Dec 142017
Windows 3.1 resource meter with Turbo Pascal Window source code.
File SYSMETER.ZIP from The Programmer’s Corner in
Category Windows 3.X Files
Windows 3.1 resource meter with Turbo Pascal Window source code.
File Name File Size Zip Size Zip Type
CPALETTE.DLL 56320 15637 deflated
SYSMET.DOC 4784 2172 deflated
SYSMET.EXE 30464 12400 deflated
SYSMET.PAS 20036 5055 deflated
SYSMET.RES 2533 1302 deflated

Download File SYSMETER.ZIP Here

Contents of the SYSMET.DOC file

SysMet v1.00

Hi folks,

SysMet is a small utility written for Windows developers and users.
So what the heck is it for?

SysMet shows you, by means of three nice meter controls, the
percentage of free USER.EXE, GDI.EXE and system resources.

Why would you want that:
Well, suppose you're developing an app that involves LOTS of
fonts, colors, window and menu handles ekcetra ekcetra, and
you've NEVER heard of instructions like DeleteObject,
DestroyIcon or DestroyMenu (or you were always too afraid to
use them!). Every time you run your app during the development
cycle, you'll be loosing LOTS of system resources.
"But Windows 3.1 is supposed to clean up those objects!" NOT!
Anyway, you'll know what I mean when you run the app.
Windows users can use SysMet to check if enough memory is
available to run a 9th instance of an enormously BIG app, say,
MickeySoft Blurb 2.0 for Windows.
Developer or user: SysMet is the answer ... er ... let's now
try and find out what the question is!

Actually, I wrote SysMet to test Blaise Computing's custom
control collection, Windows Control Palette. SYSMET.XXX (some
archiver's extension) also includes CPALETTE.DLL, where the
routines for the meter controls reside.
While I was having fun, I added some other features:

- Menus-On-Demand (TM): that's right, just right-click
the mouse button anywhere on SysMet's window, and you'll get
a context-sensitive menu (a so-called Object Inspector).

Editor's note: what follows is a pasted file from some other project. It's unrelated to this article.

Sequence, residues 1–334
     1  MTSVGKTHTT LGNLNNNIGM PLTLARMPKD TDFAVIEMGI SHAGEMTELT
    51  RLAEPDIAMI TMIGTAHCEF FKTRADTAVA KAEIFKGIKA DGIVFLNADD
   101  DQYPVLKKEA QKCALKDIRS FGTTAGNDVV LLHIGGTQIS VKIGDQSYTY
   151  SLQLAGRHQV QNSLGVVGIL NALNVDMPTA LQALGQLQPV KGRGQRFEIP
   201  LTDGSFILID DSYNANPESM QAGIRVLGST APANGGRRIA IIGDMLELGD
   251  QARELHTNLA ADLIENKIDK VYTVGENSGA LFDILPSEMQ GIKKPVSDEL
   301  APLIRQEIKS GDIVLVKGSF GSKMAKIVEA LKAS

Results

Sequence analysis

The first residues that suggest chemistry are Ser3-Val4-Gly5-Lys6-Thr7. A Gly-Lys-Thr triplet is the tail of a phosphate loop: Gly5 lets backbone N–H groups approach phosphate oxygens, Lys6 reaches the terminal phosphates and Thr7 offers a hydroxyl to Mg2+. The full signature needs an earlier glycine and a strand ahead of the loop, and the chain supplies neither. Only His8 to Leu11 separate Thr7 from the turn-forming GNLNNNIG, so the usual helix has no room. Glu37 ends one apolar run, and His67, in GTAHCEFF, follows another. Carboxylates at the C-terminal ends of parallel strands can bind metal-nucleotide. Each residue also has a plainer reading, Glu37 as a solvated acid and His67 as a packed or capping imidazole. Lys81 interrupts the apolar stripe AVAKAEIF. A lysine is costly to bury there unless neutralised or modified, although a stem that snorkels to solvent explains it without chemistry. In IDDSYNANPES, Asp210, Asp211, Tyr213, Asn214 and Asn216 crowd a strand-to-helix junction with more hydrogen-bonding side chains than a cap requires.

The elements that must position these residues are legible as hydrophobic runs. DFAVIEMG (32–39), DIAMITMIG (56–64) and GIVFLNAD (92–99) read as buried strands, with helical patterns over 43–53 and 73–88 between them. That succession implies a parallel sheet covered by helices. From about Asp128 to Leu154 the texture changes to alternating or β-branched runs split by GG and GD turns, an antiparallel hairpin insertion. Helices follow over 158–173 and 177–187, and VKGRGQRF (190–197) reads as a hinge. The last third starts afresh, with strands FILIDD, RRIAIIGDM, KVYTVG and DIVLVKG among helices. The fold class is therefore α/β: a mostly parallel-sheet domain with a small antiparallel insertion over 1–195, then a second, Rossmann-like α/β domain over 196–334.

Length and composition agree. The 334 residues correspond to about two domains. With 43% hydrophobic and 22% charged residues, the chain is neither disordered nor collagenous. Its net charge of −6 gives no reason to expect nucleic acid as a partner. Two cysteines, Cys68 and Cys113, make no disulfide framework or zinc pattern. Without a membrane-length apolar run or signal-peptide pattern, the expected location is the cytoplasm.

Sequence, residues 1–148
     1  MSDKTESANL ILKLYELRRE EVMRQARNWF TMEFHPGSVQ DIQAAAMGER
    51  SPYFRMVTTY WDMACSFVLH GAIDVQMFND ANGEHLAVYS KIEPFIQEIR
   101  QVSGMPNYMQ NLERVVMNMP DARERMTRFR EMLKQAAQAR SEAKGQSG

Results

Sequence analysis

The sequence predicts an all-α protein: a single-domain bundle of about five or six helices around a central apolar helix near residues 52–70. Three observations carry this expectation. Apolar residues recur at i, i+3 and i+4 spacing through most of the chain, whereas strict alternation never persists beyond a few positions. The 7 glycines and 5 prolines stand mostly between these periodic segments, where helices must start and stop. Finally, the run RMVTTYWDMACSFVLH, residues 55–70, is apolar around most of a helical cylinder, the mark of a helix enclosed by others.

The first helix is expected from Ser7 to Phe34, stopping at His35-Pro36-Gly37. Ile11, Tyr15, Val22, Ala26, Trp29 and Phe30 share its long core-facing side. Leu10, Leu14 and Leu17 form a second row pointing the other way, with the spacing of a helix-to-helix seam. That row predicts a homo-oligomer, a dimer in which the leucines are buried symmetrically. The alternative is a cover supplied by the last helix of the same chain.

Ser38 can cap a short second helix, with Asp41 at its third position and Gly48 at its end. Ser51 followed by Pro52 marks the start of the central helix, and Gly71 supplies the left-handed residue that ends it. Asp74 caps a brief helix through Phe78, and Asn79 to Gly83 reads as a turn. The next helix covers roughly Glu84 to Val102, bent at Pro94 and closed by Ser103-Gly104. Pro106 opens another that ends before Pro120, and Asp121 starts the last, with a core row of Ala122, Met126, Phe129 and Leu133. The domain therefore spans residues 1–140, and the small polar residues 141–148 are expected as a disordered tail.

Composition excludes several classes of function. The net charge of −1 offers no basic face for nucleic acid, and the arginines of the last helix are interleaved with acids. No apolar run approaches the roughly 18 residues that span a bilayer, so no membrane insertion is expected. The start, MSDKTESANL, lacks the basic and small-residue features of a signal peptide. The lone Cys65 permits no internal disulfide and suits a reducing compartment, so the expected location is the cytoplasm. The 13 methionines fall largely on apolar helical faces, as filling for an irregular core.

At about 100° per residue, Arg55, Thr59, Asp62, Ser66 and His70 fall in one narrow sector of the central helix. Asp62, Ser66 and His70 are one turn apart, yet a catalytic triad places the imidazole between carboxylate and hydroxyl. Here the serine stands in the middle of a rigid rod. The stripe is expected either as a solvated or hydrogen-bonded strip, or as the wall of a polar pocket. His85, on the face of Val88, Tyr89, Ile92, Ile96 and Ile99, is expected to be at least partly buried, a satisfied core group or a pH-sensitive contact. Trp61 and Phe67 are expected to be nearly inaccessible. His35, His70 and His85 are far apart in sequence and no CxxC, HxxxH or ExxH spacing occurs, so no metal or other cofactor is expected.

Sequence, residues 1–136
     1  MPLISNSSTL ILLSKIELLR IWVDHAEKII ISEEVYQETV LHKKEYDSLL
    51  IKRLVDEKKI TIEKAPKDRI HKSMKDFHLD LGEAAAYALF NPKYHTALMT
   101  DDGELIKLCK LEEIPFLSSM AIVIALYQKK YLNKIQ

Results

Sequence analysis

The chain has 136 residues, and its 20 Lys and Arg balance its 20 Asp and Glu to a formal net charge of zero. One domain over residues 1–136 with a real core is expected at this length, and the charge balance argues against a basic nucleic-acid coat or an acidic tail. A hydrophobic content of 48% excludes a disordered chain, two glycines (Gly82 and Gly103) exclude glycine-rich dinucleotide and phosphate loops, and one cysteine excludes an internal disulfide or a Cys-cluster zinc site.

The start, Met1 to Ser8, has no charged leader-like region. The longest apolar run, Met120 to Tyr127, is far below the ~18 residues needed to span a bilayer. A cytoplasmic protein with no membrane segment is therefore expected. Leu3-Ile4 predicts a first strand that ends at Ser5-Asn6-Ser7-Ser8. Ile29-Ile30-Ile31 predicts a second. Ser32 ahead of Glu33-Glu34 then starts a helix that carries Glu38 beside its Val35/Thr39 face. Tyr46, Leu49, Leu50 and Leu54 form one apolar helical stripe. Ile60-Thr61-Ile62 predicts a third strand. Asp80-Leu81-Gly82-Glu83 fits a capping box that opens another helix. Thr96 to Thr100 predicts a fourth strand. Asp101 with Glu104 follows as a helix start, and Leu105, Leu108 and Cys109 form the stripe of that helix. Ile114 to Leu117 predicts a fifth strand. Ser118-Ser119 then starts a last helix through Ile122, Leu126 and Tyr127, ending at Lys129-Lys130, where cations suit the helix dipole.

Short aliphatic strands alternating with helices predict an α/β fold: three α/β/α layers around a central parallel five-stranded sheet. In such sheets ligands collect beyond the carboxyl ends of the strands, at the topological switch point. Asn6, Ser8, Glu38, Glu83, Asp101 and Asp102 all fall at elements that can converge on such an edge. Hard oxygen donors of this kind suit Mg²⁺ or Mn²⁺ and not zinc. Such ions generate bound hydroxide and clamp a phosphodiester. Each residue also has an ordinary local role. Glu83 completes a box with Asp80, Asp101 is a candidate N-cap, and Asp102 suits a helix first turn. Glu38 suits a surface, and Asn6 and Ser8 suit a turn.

- Dynamically change colors: you may wonder about the initial
colors for the meter controls - that's Belgium's flag
(you know Belgium, the capital of Brussels ).
- Dynamically change fonts: choose any font from the font list
to change the appearance of the meter text.
- And YES! there's at least ONE hidden feature in SysMet.
- SysMet does NOT use any undocumented API calls. That's
because you generally DON'T NEED undocumented calls in a
program as, er, simple as this. To get the percentages, I used
GetFreeSystemResources(), not GetHeapSpaces().

Room for improvement:
- Maximizing SysMet on a 800x600 screen will manifest that the
leftmost meter control isn't painted. This is probably a bug
in Blaise Computing's meter control. When you have enough
other apps loaded, however, everything's OK (go figure!).
- Resizing SysMet to a tiny window will show you that I used
static controls underneath the meter controls. There's
definitely some room for improvement there!
- I welcome (really I do!) any comments or suggestions regarding
SysMet. You can reach me by email on CIS and MCI (see below).

Disclaimer and licensing agreement:
- You may use SysMet as you would use a book: read it, then store
it on your bookshelf never to look at it again. Should you have
any spare time, try running it on your computer as well.
- What you do with SysMet is up to you. Any hardware, software,
brain or other damage is probably caused by aliens orbiting
Earth. I'm NOT responsible. (That's what my mum's been telling
me for years!)

Source code:
Read on, it's for free!
This archived file normally contains the .PAS and .RES file
necessary to rebuild SysMet. Should you, however, get this
stuff WITHOUT the source code, you can still get the source
by sending me an email message with an answer to the questions:
1) "My name is ........... and I am function key"
(fill in the missing word)
2) "Where would you put an extra arm on your body, and why?"
(be honest in your answer)

1) I would especially like to thank Frozen Pizza for the icon
stuff, and more generally for, er, more general things, too.
2) Other credits are listed in SysMet's menu (right-click the
client area or the caption bar).
3) A special thank you to Zack, for UNSPEAKABLE things, and to
Danny Thorpe, for the unlimited-mileage car.
4) And a very special, last minute thank you to Charlie Calvert,
for being THE very first SysMet fan! Let's do a course on Yen
Buddhism together, Charlie!

Luk Vermeulen.

CIS 100065,101
MCI LVermeulen

 December 14, 2017  Add comments

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